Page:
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Chris Melder is a supervisory wildlife biologist at Fort Polk, working as part of a cooperative agreement between his employer, the Center of Environmental Management of Military Lands (CEMML) based at Colorado State University, and the Fort Polk Environmental and Natural Resource Management Division. This Ragley resident spends his days tromping through forests, training biologists and technicians, and striving to manage and protect threatened and endangered species living in our state’s piney woods.
As a child, Melder loved the outdoors, hunting, and fishing with his father. Family vacations were spent in national parks across the country. “By the age of 12, I knew I wanted to pursue a career doing something with the environment, maybe game management,” he says. Melder graduated from Northwestern State University with a degree in biology with an emphasis on wildlife. In the summer after his junior year, he landed a seasonal job at Fork Polk doing botanical surveys for CEMML.
That first summer job in 1994 set the stage for Melder’s career. He interned with the same group the following two summers. From there, he began a three-year internship with Oakridge Institute of Science and Education and worked with endangered species such as the shy Henslow’s sparrow. Soon after, Melder assumed the role of lead environmental intern at the Fort Polk program, and his focus centered on the red-cockaded woodpecker, an endangered bird found across the Southeast. Wielding chainsaws, he and his team created cavities in longleaf pines for these birds to nest in. They did census work, counting the number of red-cockaded woodpeckers they found. “It was a lot of late evenings and early mornings – challenging work – and I really enjoyed it,” Melder says. When that internship ended in 1999, Melder resumed work for CEMML.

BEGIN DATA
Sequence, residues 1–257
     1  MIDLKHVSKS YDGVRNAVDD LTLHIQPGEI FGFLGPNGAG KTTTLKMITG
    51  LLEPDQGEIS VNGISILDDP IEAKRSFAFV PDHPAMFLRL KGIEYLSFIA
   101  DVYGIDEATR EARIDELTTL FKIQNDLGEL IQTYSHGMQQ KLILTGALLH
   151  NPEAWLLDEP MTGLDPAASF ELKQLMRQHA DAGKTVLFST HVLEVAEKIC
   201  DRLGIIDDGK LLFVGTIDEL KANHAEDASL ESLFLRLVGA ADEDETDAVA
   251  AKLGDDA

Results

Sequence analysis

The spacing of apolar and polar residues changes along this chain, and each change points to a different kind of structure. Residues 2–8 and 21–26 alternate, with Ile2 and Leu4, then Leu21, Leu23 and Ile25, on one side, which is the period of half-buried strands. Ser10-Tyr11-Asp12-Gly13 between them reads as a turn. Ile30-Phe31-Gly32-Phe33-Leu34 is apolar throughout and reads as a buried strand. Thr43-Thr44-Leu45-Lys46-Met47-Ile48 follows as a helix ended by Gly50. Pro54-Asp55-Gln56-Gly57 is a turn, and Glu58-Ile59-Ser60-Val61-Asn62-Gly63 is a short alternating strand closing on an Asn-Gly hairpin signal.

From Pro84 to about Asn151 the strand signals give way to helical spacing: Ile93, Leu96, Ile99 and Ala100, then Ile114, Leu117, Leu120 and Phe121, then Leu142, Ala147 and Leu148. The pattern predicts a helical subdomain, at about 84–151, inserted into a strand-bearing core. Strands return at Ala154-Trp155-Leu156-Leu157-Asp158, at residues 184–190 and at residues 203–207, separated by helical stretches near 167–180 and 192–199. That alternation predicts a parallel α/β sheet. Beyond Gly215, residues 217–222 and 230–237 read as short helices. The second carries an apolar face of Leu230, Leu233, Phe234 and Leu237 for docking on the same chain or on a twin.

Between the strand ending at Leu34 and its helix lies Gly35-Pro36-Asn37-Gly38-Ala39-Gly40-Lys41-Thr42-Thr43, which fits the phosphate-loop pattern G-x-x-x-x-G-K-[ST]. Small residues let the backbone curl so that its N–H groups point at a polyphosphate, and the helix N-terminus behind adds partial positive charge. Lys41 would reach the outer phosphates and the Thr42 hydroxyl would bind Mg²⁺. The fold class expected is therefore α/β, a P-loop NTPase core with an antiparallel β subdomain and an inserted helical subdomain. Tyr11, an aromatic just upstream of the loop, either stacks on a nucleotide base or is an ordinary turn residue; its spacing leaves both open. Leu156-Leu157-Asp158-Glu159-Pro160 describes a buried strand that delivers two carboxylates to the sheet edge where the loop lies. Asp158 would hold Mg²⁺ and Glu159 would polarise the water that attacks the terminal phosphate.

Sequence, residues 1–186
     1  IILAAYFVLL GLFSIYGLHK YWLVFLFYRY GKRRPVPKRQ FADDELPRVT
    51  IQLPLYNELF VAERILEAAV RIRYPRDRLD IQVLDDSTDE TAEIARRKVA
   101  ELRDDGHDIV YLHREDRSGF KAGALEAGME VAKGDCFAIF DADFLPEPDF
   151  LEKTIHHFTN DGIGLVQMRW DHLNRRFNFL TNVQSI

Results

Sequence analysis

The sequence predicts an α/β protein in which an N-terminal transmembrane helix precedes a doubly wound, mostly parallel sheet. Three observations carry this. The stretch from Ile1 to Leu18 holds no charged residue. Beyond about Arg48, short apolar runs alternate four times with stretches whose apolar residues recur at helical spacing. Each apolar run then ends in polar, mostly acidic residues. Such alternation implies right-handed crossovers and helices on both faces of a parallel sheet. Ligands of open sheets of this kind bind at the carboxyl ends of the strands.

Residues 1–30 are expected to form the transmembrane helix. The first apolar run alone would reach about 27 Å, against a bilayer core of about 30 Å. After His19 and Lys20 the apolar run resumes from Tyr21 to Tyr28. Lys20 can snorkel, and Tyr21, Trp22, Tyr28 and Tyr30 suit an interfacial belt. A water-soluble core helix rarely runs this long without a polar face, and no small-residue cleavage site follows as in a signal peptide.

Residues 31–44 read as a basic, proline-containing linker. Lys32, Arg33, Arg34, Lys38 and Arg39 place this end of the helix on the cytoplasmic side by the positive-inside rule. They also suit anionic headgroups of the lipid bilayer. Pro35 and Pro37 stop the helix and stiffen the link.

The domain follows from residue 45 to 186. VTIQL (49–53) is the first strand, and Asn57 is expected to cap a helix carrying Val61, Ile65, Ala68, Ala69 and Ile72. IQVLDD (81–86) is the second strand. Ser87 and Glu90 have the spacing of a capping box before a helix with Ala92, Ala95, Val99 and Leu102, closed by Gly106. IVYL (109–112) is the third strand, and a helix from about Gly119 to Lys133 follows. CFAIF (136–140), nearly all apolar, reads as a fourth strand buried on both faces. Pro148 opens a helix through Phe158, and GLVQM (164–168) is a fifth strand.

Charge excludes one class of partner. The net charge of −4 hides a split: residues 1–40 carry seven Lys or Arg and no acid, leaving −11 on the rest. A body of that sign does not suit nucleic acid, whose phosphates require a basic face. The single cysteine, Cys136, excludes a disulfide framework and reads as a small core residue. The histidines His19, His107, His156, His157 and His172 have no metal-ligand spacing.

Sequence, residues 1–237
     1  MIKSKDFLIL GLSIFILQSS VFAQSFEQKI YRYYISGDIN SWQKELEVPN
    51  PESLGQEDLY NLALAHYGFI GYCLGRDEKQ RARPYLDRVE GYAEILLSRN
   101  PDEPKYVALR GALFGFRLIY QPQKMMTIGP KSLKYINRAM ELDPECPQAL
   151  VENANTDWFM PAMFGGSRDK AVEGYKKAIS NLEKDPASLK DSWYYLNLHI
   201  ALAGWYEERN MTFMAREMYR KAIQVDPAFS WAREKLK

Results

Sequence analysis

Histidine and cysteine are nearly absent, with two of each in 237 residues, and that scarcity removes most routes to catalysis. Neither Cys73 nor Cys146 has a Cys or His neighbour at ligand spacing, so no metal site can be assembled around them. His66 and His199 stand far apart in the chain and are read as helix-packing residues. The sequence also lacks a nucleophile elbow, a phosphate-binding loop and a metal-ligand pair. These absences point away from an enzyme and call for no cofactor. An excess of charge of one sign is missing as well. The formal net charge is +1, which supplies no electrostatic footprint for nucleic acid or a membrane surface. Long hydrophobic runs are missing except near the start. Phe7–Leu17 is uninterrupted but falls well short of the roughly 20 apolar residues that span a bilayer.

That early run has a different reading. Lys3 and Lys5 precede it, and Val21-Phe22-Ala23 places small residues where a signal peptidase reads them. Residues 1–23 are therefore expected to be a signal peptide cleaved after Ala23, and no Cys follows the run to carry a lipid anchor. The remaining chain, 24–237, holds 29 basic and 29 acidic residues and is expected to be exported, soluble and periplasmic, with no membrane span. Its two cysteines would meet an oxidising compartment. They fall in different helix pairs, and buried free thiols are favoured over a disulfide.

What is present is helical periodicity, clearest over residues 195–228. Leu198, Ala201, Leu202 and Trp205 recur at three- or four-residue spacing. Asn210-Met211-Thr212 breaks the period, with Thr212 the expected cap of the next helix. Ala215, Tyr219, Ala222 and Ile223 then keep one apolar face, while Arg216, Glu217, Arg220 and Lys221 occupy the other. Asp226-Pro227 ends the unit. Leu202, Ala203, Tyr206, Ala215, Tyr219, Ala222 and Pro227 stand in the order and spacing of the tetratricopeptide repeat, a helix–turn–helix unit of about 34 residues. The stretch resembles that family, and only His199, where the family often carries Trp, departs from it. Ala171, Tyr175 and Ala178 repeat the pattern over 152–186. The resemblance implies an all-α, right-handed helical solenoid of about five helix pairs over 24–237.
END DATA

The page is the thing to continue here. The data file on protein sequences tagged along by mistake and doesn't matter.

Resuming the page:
Melder continues to study and manage the red-cockaded woodpecker population. But his passion lies with the elusive Louisiana pine snake, found only in Western Louisiana and Eastern Texas. “It’s known as one of the rarest snakes in North America,” Melder says. Despite its low numbers, the Louisiana pine snake is listed as “threatened” rather than endangered by the U.S. Fish and Wildlife Service under the Endangered Species Act of 1973. This means the Fish and Wildlife Service expects that the threat to the species might at some point be prevented or reversed.
Melder says the Louisiana pine snake is not only rare but is also difficult to find. It spends 75-80 percent of its time underground in the tunnels of its prey, the pocket gopher. The snake is usually found in the sandy upland soil of long-leaf pine forests. Several zoos in the South, primarily the Memphis Zoo in Tennessee, work to breed this snake and introduce them into the wild to increase their numbers. “In my opinion, this is what will save the Louisiana pine snake,” Melder adds. “The decline of a single species can impact an entire ecosystem. We also need to protect the habitats. Around 1900, there were 90 million acres of long leaf pine throughout the Southeast. By the 1930s, the trees were almost completely clear-cut, which impacted many species. On public property, the habitats are coming back through good forest management.”
In addition to managing, monitoring, and training, Melder’s job also entails educating the community. “We do educational outreach to local schools, especially during ‘Louisiana Days’ and Forestry Awareness Week. I enjoy trying to educate people about species that might not be considered cute and cuddly, such as snakes, spiders, and bats. They have a place and deserve our respect, too.”